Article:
New Research Shows That Stress May Affect Your Brain Health Starting At Middle Age
12 / 30 / 20

New Research Shows That Stress May Affect Your Brain Health Starting At Middle Age

Why are we all so stressed and what does it mean? Surprising to many, stress is actually a hormone, specifically known as cortisol. It is released into the body when someone is placed in an uncomfortable, tough or dangerous situation or when someone experiences a change in their environment. Some examples of this include a heavy workload, problems at home, family issues, and financial trouble. These changes cause cortisol to be released which can affect you mentally, emotionally and physically. According to, 43% of all adults suffer adverse health effects from stress. And according to, 55% of Americans are stressed, 20% higher than the world average.

Some may not realize that although stress may start as an emotion, it can cause damage to your body. This damage includes headaches, chest pain,and trouble sleeping. High cortisol levels may result in liver or kidney disease, weight gain, and depression. It can also cause a hormonal imbalance, which could lead to more serious health problems. In a study published on, they found that “Higher serum cortisol was associated with lower brain volumes and impaired memory in asymptomatic younger to middle-aged adults, with the association being evident particularly in women.” This means that stress and high cortisol levels may cause you memory and cognitive issues starting as early as age 40.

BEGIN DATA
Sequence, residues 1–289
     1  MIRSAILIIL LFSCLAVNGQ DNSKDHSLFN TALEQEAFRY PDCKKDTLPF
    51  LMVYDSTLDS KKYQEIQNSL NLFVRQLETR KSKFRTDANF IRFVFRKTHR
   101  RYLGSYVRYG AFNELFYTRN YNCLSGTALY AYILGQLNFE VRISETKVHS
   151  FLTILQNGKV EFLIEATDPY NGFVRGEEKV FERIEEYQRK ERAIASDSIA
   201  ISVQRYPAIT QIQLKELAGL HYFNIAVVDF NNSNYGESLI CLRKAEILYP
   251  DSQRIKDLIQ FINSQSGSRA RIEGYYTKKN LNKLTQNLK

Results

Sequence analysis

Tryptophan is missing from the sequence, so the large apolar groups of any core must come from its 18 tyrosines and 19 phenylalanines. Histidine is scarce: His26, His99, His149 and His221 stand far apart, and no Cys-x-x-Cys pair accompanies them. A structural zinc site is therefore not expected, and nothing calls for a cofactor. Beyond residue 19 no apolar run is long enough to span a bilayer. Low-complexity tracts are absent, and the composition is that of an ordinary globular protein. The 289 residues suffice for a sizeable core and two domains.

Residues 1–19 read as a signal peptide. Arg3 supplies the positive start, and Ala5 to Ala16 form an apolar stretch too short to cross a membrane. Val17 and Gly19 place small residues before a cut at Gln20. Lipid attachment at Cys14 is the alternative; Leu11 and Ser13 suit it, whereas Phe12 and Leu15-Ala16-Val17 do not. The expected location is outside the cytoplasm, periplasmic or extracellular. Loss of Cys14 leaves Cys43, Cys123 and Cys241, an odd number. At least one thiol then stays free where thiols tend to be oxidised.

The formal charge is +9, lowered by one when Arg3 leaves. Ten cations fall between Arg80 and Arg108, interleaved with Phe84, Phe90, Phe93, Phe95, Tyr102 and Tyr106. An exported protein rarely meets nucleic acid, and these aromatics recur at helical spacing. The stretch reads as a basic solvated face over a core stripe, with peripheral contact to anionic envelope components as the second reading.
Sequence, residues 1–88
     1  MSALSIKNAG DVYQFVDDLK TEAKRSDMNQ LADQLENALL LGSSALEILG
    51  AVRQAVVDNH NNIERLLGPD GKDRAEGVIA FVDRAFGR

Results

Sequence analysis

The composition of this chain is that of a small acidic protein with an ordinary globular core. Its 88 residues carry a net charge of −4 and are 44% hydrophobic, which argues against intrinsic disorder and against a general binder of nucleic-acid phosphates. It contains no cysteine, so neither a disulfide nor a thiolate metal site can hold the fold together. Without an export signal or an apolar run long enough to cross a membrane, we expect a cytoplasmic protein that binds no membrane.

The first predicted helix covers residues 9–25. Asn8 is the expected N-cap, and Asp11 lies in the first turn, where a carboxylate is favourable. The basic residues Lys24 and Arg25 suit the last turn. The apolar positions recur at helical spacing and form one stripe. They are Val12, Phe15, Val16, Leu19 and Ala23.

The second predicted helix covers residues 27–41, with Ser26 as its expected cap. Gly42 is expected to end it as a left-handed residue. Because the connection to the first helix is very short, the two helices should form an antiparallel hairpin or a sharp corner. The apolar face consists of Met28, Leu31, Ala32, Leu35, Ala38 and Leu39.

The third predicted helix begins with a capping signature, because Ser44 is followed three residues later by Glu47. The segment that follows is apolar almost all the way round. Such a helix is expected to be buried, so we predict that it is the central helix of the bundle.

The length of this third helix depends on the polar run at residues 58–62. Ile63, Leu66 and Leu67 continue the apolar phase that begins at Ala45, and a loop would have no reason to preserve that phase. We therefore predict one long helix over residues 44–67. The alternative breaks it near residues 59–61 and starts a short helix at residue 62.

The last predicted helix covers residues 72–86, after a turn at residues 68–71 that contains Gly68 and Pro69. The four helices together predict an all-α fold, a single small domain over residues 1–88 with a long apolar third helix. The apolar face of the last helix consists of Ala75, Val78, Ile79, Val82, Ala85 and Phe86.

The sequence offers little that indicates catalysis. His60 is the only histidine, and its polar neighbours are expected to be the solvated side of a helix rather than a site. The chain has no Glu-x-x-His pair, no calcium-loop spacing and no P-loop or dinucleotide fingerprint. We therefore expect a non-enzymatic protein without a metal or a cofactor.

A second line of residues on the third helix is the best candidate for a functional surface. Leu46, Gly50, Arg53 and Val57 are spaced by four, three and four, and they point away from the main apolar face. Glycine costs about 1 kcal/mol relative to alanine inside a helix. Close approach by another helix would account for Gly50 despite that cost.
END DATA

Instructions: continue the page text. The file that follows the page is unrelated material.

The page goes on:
Furthermore, high cortisol levels and physical changes in the brain in the test subjects were connected to precursors in Alzheimer's disease, which destroys memory and mental functions.

Luckily, there has also been research done to show that certain things like improved sleep, exercise, and relaxation can lower cortisol levels and reduce stress. There are many other ways to relieve stress naturally as well. Drinking certain teas like chamomile and lavender can help you relax and stay calm in times when your stress levels are rising. Using lavender around your home either in plant form or as an essential oil can make your personal space a stress free zone.

You can also take supplements to help relieve stress. These supplements include melatonin to help with sleep, magnesium to help with nerve and muscle function, valerian root used to commonly treat insomnia, anxiety, and stress, and vitamin b-complex which aids in cell metabolism. Another option is to try meditation or yoga. Both meditation and yoga allow you to release any negative feelings, or any outside influences that are causing you stress - it also helps you focus on the present and bring awareness to your breathing. You can additionally keep up a regular exercise routine which can help you blow off steam when things are getting a little too hard to handle. Finally, always make sure to get plenty of sleep and spend your free time doing the things you enjoy.

You can also try hormone replacement therapy for men and women to help with stress and hormonal imbalance. This treatment can help lower cortisol levels and get you back on track if you are unable to relieve stress and reduce cortisol levels on your own. HRT incorporates individualized doses of hormones that emulate nearly identically those each patient had as a younger woman or younger man and it is a great solution to many health problems. At LongevityMed, your health is our priority. We can help you get on the right path to better health through lifestyle changes, nutrition recommendations, and supplementation, as well as hormone replacement therapy. It's what we do, every day, and our specialty. Contact us today for a free consultation and to get started on your journey to better health.